I know this is a dangerous question to ask, because often people tend to run on emotion with this issue.
I ask, because _I_ tend to run on emotion ("hey! That guy suggested using "new"! Where's the torches and pitchforks?!!"), but I'm contemplating an application where a traditional heap -- if I understand its working correctly -- may actually work out, even in a 24-7 application.
I know I've worked around applications where heap management was an issue
-- my first job out of college was at a company whose product ran under DOS and which had to reboot the machine every night at 1:00AM in no small part because the heap became hopelessly fragmented and the only way to fix it was to bail out of the application and resume. (It wasn't a leak. We had an instrumented heap, we could see the free space leveling off while the largest available block just got smaller and smaller until finally -- poof! things didn't work anymore.)
So I'm looking at an application where allowing use of a heap would let me use some canned code (for linear algebra -- it's mathematically intensive stuff I'm doing). The heap usage is going to be a set of stuff with disparate sizes, but each element in the set is always going to be the same size from iteration to iteration. Some of the matrices are going to be around forever, but most are going to come and go with each iteration of the loop.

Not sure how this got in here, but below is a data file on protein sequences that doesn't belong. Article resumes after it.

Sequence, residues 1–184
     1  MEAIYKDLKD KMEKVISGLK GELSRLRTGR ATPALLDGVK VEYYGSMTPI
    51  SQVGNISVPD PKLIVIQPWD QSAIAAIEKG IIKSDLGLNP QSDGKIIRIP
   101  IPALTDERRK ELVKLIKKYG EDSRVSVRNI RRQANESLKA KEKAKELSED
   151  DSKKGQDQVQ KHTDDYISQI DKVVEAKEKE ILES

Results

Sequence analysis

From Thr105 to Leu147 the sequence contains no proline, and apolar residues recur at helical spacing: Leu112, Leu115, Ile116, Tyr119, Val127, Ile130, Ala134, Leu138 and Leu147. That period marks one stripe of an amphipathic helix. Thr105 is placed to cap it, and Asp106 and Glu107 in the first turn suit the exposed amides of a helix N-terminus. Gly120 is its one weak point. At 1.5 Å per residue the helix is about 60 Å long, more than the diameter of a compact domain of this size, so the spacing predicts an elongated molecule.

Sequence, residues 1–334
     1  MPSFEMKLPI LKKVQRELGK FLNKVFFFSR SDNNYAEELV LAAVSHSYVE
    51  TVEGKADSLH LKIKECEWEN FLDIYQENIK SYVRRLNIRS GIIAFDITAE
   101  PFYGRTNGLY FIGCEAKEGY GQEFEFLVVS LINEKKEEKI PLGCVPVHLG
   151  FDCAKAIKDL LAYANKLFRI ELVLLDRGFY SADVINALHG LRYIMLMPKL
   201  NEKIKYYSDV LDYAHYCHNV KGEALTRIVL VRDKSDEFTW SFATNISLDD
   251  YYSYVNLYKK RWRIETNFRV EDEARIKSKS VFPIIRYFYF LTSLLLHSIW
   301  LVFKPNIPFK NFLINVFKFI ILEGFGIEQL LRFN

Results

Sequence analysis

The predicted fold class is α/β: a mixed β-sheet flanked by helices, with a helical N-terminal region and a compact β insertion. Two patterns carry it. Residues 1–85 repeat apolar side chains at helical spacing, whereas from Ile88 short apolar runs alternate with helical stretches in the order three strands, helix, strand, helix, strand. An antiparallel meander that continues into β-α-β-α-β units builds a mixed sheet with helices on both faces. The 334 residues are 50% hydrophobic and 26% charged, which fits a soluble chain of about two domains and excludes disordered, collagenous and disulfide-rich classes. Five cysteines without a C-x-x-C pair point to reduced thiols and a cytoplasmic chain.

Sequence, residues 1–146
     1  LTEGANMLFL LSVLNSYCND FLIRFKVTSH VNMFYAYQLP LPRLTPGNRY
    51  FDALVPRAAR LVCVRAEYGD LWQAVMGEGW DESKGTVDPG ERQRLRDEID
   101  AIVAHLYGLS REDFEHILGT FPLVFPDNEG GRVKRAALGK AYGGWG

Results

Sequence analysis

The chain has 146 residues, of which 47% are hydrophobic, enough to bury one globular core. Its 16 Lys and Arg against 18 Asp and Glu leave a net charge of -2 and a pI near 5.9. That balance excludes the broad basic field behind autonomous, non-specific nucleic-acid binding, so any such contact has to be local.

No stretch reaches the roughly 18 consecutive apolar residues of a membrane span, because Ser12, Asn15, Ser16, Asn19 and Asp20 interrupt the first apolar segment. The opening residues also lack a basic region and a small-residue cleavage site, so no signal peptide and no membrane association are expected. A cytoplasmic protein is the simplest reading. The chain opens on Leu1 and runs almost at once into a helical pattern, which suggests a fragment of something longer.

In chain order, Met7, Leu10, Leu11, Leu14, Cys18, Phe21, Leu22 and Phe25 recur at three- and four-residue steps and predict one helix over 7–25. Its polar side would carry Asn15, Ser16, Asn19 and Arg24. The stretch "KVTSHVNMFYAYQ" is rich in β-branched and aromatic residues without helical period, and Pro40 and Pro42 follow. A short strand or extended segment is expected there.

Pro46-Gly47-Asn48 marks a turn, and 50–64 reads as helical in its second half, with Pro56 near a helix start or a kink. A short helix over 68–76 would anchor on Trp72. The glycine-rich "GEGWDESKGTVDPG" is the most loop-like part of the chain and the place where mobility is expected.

My feeling is that if the heap manager is intelligent enough it should be able to fit all the short-lived, same-size stuff back into spaces from which it came, even if the long-lived stuff is kinda in the middle. I can see execution time being an issue, but if the structure of the heap settles out after a while then that time should be bounded to some maximum.
So -- does this make sense? Does anyone have any suggested reading for me to do, to understand this?
My alternative is to hand-allocate storage for a bunch of intermediate steps, and probably have my code doing backflips to make it all work. I can do this, but I'd at least like to think that I can just copy it out of the theory books and have it work.